So I took the foodie quiz and scored at the expert level, 33 out of 38. Here is how it describes me, the Expert Foodie:
The Expert Foodie makes culinary pursuits an important part of everyday life. You probably get all the major food magazines, plan your vacations around locations with great food, and are first of your friends to dine in the new hot restaurants. You are likely to have taken more than your fair share of cooking classes, consider Larousse Gastronomique a must-have, and it's more than likely that your job involves dining or wine. You aren't afraid to admit you spend more money on food than fashionistas do on the latest designer trends and you know the experience is well worth the cost. The Expert Foodie is ever in search of new flavor and probably has a few scars-considered badges of honor-garnered in the kitchen.Wrong on all counts except the first. I subscribe to no food magazines, plan my "vacations" around friends' and family members' weddings, and eat in hot restaurants very seldom, perhaps three or four times a year. I have never taken a single cooking class, consult my Larousse practically never, and don't work in the culinary trade. If I spent as much as the fashionistas I might not be afraid to admit it, but I don't. I'm no longer in search of new flavors--though I wouldn't say no to a fresh truffle, which I've never tried--and (turn away, evil eye) I have no kitchen scars.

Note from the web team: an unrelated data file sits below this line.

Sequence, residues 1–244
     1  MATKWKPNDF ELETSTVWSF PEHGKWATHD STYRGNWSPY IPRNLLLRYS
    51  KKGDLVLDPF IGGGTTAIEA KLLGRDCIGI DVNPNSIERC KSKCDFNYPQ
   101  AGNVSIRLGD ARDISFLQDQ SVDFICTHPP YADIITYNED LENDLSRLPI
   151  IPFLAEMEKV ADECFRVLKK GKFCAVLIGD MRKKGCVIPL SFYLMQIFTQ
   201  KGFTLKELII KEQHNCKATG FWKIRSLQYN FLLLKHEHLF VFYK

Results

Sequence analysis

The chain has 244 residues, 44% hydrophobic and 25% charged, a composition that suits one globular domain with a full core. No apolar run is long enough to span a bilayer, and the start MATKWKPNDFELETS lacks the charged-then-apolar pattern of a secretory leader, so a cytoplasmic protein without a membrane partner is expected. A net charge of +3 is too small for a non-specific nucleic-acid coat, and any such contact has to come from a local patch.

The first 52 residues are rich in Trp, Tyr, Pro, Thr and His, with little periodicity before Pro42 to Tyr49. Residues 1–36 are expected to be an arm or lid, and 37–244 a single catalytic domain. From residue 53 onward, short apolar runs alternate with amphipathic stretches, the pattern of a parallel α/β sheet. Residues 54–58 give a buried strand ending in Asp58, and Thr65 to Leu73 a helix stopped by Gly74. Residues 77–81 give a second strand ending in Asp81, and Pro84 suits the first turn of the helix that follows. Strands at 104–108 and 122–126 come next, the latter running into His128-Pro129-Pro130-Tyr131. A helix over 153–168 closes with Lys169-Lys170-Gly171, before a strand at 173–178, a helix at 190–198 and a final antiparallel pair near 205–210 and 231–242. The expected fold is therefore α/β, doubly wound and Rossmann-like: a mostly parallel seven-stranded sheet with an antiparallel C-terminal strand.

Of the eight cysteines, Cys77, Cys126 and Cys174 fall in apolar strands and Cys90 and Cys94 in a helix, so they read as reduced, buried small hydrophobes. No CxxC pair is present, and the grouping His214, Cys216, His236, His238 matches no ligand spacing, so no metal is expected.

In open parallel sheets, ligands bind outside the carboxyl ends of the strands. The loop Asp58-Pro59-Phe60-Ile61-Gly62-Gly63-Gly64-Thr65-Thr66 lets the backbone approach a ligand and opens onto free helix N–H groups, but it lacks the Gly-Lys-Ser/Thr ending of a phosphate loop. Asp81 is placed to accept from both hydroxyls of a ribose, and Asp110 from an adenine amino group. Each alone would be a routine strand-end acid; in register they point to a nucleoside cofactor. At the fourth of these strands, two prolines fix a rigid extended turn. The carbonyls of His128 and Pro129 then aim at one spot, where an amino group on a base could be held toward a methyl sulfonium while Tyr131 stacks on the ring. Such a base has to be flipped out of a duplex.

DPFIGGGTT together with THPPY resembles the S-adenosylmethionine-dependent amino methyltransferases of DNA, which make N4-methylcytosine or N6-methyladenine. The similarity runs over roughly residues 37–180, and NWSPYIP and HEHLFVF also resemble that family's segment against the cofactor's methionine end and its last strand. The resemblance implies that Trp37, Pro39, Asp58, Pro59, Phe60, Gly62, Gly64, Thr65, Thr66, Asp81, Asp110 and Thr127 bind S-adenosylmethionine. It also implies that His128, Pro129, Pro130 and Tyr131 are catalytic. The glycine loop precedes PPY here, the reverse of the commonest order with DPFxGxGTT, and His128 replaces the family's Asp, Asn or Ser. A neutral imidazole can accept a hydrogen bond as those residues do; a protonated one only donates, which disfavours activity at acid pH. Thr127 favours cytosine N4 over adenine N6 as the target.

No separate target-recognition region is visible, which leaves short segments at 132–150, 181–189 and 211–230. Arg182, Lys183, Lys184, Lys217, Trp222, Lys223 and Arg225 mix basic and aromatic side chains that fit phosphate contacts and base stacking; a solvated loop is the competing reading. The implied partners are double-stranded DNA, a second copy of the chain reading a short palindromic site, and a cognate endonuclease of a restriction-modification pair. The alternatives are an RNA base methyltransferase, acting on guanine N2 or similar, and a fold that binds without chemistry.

I lost my points on question 4, about removing stains from pots and pans, and question 12, how many times a week do you dine out. I knew that the more times the higher the points, but I decided to see what would happen if I chose an honest answer, "0-1." I got one point for that. A couple of other answers were educated guesses.
Groucho-Marxism aside, I really do not care to be called a foodie. Is foodie anything other than the new word for gourmet? The fact that people no longer describe themselves as gourmets should tell us something. To my ear, foodie sounds all wrong. I hear it and think of yuppies slavering outside of the Time Warner Center. Chowhound is a good alternative when it comes to eating out--I am proud to say, "I'm not a foodie, I'm a chowhound"--but I don't know if there's a word that basically means "chowhound of home cooking." Let me know if you think of one.